MONDAY, March 19 (HealthDay News) -- A new type of medication
for type 2 diabetes helps to lower blood sugar levels when used in
concert with insulin and other diabetes drugs, new research
The medicine is called dapagliflozin, and average blood sugar
levels were lower in those taking the drug compared to those taking
a placebo; both groups in the trial also took insulin and other
diabetes medications. Daily insulin doses went down for those on
the drug, and body weight dropped slightly.
"This study looked at the effects of dapagliflozin treatment in people with type 2 diabetes with high blood sugars despite insulin treatment, and found it was effective at reducing blood sugar, body weight and blood pressure," said study author Dr. John Wilding, head of the department of obesity and endocrinology at the University Hospital Aintree in Liverpool, England.
"Possible disadvantages include a slightly higher risk of urine infections and genital fungal infections, although most of these responded well to standard treatment," he added.
Results of the study are published in the March 20 issue of the
Annals of Internal Medicine. The study was funded by AstraZeneca and Bristol-Meyers Squibb, two pharmaceutical companies who are collaborating in the development of dapagliflozin.
Type 2 diabetes affects the way your body metabolizes sugar. In
type 2 diabetes, the body either doesn't use the hormone insulin
effectively or it doesn't make enough insulin, according to the
U.S. National Library of Medicine. Insulin allows the body's cells
to convert sugar from food into fuel. If it isn't used well or
there's not enough insulin, blood sugar levels will rise. High
blood sugar levels can cause a number of serious health
consequences, including damage to the eyes, kidneys and blood
In some cases, type 2 diabetes can be controlled with lifestyle
changes, such as losing weight and exercising regularly. However,
most people need medications to control their blood sugar levels,
and many people need a combination of medications to lower their
Dapagliflozin is from a new class of type 2 diabetes medications
that work by blocking the ability of the kidneys to hold sugar.
This causes the kidneys to release sugar as waste in the urine.
Numerous clinical trials have found dapagliflozin to be
effective at lowering blood sugar levels. Despite this beneficial
effect, the U.S. Food and Drug Administration recently decided not
to approve dapagliflozin until more information is available about
its possible long-term side effects. The most significant concern
cited by the FDA was a potential increase in the rates of bladder
and breast cancer in people taking the drug.
Although the current trial wasn't long enough to look for
longer-term outcomes, such as cancer, Wilding said that the slight
increase in bladder and breast cancer was likely a chance finding.
But, he said, because there is concern, it's important to continue
surveillance for these cancers in future trials.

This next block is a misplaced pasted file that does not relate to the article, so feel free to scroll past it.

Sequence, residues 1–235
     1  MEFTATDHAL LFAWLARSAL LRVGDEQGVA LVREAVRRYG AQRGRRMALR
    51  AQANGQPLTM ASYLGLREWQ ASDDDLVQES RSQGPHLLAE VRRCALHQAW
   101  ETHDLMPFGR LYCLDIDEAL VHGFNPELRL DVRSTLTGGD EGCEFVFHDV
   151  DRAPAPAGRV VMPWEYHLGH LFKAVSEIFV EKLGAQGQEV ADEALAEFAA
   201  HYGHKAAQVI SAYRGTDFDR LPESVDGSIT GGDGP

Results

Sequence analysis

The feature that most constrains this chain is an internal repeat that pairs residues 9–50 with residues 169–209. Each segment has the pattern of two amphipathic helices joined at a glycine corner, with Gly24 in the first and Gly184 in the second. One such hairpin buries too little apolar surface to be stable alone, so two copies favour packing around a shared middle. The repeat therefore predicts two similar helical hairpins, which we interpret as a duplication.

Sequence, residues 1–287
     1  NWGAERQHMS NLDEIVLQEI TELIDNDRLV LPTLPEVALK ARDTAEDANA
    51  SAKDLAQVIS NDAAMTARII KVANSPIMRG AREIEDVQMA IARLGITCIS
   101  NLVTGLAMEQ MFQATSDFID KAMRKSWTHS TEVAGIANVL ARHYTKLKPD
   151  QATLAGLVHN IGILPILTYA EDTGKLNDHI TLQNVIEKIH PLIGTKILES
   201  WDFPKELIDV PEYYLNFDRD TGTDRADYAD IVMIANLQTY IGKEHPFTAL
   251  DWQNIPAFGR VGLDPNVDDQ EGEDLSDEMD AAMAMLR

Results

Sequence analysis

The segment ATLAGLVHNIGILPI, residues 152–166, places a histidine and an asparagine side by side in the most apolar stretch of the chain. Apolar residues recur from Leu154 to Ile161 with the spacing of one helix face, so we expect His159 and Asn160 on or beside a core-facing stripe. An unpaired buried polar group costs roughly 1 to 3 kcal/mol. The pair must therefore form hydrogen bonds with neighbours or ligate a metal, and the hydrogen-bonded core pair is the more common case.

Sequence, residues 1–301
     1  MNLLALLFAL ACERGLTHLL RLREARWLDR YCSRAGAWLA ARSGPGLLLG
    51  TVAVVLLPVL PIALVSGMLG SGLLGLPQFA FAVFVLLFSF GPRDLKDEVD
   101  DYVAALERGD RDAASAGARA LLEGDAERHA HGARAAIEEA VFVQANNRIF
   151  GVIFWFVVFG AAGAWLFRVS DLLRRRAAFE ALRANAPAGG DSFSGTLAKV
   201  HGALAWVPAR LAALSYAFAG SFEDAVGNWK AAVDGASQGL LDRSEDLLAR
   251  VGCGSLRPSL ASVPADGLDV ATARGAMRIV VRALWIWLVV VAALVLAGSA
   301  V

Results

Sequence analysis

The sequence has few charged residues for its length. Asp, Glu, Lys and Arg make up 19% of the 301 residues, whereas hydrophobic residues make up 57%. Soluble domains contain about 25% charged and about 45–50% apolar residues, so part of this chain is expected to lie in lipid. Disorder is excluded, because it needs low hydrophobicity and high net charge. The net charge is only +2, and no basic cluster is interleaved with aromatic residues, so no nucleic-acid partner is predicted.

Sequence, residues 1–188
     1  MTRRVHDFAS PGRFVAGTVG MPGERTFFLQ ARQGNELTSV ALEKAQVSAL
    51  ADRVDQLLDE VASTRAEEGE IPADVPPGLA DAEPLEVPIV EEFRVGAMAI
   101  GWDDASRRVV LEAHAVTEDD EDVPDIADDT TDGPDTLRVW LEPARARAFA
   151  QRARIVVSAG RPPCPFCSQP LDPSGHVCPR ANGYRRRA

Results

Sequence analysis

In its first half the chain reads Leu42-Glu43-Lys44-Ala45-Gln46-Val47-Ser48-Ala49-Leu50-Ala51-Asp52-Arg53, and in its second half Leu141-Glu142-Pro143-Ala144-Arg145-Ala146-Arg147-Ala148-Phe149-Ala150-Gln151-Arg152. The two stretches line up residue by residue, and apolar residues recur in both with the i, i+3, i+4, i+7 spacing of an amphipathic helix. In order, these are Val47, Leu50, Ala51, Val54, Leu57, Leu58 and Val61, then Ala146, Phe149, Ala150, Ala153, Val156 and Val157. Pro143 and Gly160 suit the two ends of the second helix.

The current study was designed to see how the drug would work in
combination with insulin and other type 2 diabetes medications.
The researchers enrolled just over 800 people with type 2
diabetes who were already taking insulin to control their blood
sugar levels. In addition, the study volunteers could be taking up
to two more blood sugar-lowering medications.
Study participants were randomly assigned to one of four
treatment groups. They received either a placebo, or one of three
doses of dapagliflozin (2.5, 5 or 10 milligrams) daily.
After 24 weeks of treatment, people in the dapagliflozin group
lowered their average hemoglobin A1C level between 0.79 percent to
0.96 percent compared with a 0.39 percent reduction in those on
placebo. Hemoglobin A1C is about a three-month average blood sugar
level. People with diabetes are advised to keep their levels below
Insulin use also dropped for people taking the medication,
suggesting more effective blood sugar control. And, body weight
decreased between 2 pounds and 3.5 pounds for those taking the
medication. Weight increased by almost 1 pound for those on
placebo, according to the study.
In addition, the researchers found that both systolic and
diastolic blood pressure levels went down more for those on the
drug compared to those on placebo.
"In this study, dapagliflozin seemed to improve glucose control and lower the need for insulin, as well as cause some weight loss," said Dr. Sue Kirkman, senior vice president of medical affairs and community information of the American Diabetes Association.
"This is an interesting study on a new medication that's under development. It has a novel mechanism of action, but there have been some ongoing concerns about the safety of this class of medications, and none has been approved by the FDA yet," she noted.
Learn more about type 2 diabetes and currently approved
treatments from the
American Diabetes Association.
Please be aware that this information is provided to supplement the care provided by your physician. It is neither intended nor implied to be a substitute for professional medical advice. CALL YOUR HEALTHCARE PROVIDER IMMEDIATELY IF YOU THINK YOU MAY HAVE A MEDICAL EMERGENCY. Always seek the advice of your physician or other qualified health provider prior to starting any new treatment or with any questions you may have regarding a medical condition.
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